To what or whom do you accredit your sense of style?
To be honest, I’m not quite sure. It’s really anything and everything that I come across that catches my eye. It’s a feeling thing to that you get. And when you get that feeling you kinda look for other things that fit how you feel, and there’s an infinite amount of that. I love to watch anime because I think they do the best job of that. It’s the art of putting you into another world that still feels connected to the one you’re in. It’s part of visual poetry. And that really is a visual display where words and visuals express the same story and reflect each other effortlessly. That is what making music videos and movies are about, how well can you translate the written words to moving pictures. And that is where creativity flows in—the more you think the more you’ll see that the possibilities are endless.
What are some of your greatest challenges as an artist, and what is your greatest attribute when it comes to your work ethic?
The greatest challenge I find is the time you can find yourself working on a project. A short video can be a very long and tedious process that can take weeks/months to create. It can be mentally draining at times just staring at the computer for hours trying to fix a couple seconds of a scene in post. But that is the price you pay for the pursuit of perfection. The attribute that helps me overcome the tediousness is becoming obsessed over the work. I crave to see my projects finished because I want to see what I made. I make what I want to see out in the world, so I’m constantly excited about all my projects no matter how long they take. I’m a mad man when it comes to this shit.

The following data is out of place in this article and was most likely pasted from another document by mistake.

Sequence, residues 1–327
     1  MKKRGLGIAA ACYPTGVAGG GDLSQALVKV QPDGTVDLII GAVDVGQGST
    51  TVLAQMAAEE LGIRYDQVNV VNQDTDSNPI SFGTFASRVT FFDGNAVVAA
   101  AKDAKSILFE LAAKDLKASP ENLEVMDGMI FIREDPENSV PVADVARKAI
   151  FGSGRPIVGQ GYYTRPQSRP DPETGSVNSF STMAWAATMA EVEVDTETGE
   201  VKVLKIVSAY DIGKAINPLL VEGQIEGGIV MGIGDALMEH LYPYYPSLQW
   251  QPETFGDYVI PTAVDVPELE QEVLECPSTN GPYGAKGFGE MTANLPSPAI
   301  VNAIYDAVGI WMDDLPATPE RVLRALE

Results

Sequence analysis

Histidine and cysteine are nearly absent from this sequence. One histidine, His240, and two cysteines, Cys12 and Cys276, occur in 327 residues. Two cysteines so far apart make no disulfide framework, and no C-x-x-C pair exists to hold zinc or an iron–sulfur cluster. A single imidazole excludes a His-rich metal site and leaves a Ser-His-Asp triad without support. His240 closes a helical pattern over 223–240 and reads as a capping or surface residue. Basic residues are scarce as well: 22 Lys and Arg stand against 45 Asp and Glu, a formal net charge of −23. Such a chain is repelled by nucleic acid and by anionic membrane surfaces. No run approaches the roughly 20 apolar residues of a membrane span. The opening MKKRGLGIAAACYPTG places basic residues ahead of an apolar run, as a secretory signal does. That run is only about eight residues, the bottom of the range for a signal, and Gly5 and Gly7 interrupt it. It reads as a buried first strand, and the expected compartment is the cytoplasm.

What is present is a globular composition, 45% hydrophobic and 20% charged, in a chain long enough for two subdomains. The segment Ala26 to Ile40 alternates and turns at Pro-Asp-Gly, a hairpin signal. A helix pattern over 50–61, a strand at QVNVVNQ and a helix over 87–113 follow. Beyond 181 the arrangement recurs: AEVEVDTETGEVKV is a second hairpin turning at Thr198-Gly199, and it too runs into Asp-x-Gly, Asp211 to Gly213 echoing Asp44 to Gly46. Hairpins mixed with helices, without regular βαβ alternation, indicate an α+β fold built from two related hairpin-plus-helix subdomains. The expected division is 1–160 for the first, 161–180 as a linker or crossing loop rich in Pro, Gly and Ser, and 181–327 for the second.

What impression would you like your audience to be left with after watching your visuals?
It depends what the piece is about. My job is to evoke the emotion and feeling of the song—to bring it to life with pictures. The song and the visual are supposed to tell the same story. I really don’t consider what I create music videos because it is more than that. There should become a point in the visual where you don’t know who is working for who. The song and visual become one and that is what I call visual poetry—the bridge that connects both of them into one. Thus my audience should be left with whatever the visual poetry is evoking.
What are your plans for the near future?
My plans for the near and long term are always the same, which is to learn more and create more. I have been heavily getting into 3D and CGI which I really believe can take my visuals to the next level, so I’m really excited for that right now.
Is there anyone you’d like to thank, any shout outs?
My family is everything to me. All my success and anything I achieve going forward is because of them. And I thank everyone else that supports me and enjoys my work, I really appreciate you all.